While pipes or joints are likely to be the easiest ways for you to get started, combustion is actually the most expensive and least-clean method of use that provides the least dosage control. A mere toke can easily take someone beyond the sought-after microdose. Also, regarding economical concerns, you might be interested that one study found that 90% of combusted weed contained no cannabinoids or terpenes whatsoever.

But here at The Third Wave, we’re not here to control your smoking preferences at, so you will need some idea of how to get even a ballpark figure of the potency you’re dealing with. American THC levels actually exist within a very wide range from 3% to 30%, but the average is around 10%. So, to estimate the THC strength of plant material based on 1 gram, divide the THC percentage into 1000 to obtain the per/mg amount (1 g = 1000 mg).

An online Marijuana Dosage Calculator is actually available, but you need to enroll in a 10-minute “online dosing class” with its inventor Cheri Sicard to gain access. You’ll be glad to know Sicard does not charge for the class.

Vaporization

Vaporizing your weed is a decent option, as not only will you be able to avoid the harmful carcinogens, but it facilitates a precise microdose accuracy. Plus, read up on the various vaporization points for a greater control over your experience and less waste. Here is a useful place to start.

Ingestion

The dosage information provided by the edibles manufacturers allows for an easy and accurate process, but keep in mind that the effect comes on much slower so dose titration is more tricky. Titration is gradually adjusting the dose until the optimal dosage is reached.

Here are some resources on dosage recommendations:

Again, slow and steady is the key to the overall practice of microdosing. So, keeping in mind the sub-perceptual nature of microdosing, pay attention to the most subtle effects of your use irrespective of your chosen method, and then carefully adjust the subsequent doses (up or down) to settle into your optimal microdose.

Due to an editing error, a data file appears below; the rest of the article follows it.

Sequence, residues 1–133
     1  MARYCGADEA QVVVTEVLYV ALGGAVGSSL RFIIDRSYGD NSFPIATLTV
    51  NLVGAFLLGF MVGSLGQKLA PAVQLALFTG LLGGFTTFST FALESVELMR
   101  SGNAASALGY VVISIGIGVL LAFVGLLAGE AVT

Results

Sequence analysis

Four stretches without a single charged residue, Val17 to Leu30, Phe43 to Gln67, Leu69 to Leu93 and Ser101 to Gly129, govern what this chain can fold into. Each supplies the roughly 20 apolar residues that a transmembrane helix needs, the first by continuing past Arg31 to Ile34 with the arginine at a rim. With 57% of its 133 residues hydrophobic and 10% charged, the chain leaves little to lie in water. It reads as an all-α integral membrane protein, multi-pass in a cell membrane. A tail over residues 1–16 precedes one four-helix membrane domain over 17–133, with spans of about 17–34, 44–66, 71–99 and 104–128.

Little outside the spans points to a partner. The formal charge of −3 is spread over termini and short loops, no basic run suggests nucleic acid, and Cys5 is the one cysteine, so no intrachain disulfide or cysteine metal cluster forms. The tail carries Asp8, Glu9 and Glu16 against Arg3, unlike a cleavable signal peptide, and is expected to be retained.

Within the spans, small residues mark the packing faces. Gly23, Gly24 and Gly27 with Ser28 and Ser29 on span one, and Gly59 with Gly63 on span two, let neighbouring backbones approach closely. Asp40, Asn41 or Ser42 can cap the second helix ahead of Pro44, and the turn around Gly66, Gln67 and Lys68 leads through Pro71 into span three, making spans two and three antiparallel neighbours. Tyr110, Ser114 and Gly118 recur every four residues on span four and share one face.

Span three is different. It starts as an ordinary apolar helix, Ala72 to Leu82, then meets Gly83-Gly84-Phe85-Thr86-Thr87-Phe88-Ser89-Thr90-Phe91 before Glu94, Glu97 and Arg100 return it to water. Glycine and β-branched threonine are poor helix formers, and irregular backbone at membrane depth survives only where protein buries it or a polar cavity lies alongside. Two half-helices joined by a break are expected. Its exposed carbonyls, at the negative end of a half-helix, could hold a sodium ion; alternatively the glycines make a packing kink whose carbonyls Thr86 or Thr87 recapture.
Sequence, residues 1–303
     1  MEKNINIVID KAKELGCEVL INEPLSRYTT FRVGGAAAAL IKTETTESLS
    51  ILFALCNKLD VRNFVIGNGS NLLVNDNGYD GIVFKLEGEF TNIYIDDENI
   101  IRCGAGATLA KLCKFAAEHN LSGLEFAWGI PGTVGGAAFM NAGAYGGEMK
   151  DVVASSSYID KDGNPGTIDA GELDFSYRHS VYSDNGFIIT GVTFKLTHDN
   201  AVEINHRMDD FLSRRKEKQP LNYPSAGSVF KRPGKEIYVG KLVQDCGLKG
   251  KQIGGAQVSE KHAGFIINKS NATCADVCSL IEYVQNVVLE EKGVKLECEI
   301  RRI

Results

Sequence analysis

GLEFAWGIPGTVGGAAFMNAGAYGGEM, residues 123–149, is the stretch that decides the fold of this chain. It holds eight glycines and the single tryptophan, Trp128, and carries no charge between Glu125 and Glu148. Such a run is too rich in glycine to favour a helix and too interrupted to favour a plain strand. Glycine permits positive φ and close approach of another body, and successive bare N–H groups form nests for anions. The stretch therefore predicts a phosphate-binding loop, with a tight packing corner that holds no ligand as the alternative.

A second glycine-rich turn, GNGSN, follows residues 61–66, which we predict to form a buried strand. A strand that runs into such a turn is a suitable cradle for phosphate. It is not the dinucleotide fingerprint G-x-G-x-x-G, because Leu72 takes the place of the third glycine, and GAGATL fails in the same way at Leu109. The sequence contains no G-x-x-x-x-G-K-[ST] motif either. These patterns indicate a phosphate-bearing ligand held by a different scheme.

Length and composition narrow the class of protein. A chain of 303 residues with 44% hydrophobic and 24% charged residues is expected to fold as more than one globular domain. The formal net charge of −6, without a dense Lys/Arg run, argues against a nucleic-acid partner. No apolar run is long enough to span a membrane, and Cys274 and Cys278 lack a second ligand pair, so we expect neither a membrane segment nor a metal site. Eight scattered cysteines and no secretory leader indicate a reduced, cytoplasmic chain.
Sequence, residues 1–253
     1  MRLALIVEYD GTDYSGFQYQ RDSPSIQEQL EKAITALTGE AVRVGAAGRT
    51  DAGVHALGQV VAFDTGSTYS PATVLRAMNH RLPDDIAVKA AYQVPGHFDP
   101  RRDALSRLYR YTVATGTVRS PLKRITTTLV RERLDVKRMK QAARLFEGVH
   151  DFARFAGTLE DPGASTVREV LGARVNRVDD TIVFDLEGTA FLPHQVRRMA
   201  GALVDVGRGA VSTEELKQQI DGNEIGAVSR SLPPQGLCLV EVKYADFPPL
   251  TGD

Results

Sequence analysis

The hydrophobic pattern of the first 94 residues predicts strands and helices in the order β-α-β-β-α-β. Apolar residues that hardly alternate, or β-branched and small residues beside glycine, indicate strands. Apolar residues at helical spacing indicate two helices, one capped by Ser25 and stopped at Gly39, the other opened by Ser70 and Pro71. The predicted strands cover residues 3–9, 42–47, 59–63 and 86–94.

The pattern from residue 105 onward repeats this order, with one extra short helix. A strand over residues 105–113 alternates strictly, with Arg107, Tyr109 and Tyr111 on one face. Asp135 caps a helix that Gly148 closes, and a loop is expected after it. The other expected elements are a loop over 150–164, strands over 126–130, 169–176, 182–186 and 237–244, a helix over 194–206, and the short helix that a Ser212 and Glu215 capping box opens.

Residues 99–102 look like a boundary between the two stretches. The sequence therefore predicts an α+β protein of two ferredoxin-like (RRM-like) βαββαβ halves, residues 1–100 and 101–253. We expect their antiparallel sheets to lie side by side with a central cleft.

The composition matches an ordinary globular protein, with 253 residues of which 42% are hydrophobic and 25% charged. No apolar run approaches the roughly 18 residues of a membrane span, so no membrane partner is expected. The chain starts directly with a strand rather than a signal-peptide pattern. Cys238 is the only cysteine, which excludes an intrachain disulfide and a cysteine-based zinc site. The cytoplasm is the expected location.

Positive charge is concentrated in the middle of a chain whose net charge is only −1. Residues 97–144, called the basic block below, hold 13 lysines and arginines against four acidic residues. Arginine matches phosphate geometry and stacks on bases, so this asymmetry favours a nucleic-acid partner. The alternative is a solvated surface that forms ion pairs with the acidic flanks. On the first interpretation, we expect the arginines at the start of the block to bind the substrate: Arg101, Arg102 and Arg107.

Personally, ingestion, joints, and vaporizing are my preferred methods, as I have never been a fan of being overpowered into submission by the bong-hit. As time passes, though, ingestion is becoming the optimal method for me, as I appreciate more of a full-body effect and do not crave an instantaneous high like I did in my younger years (the dosage accuracy is now a welcome bonus!). But frustratingly, it won’t be my easy go-to until the global situation changes, leading to the wide availability of the legal edibles of legitimate businesses.

3. Benefits and Effects

Cannabis microdosing has crossed vocational and age divisions, with professionals using it on workdays for benefits like creativity and focus-enhancement, like the LSD microdosing that has arisen in Silicon Valley. Recently, a New York fashion publicist explained its benefits for socializing: “There’s only so much drinking people can do.”

The array of health issues that microdosing marijuana is proving beneficial for is somewhat startling: Users are addressing anxiety, chronic pain, stress, ADHD, inflammation, and indigestion, among others, while mood and emotional enhancements are frequently reported.

It may be connected to my use of other psychedelics, but the mood/emotional effects are the most vital for me, as the greater connections I feel between my altered mindset and my environment, including other people, provide me with creative inspiration, insights, and experiences that are often indelible. Setting is of course a critical influence with all psychedelics; I love how I can be fascinated in both rural and urban environments on cannabis. While the experience is similar for other psychedelics, I find that on LSD I need a break from metropolitan settings, for example, even if it just means immersing myself in a city park.

4. Can I do this every day?

Unlike LSD and mushrooms, the potential for safe daily cannabis microdosing exists. Employment lawyers are currently working on workplace policies regarding marijuana, as professionals are finding themselves functional, focused, less anxious, and even more productive on a daily basis—a far cry from the couch-dwelling slacker image. The FBI, which admitted in 2014 that they could not hire the computer hackers they needed because of the widely prevalent cannabis use among the prospective employees, may need to reconsider three years on.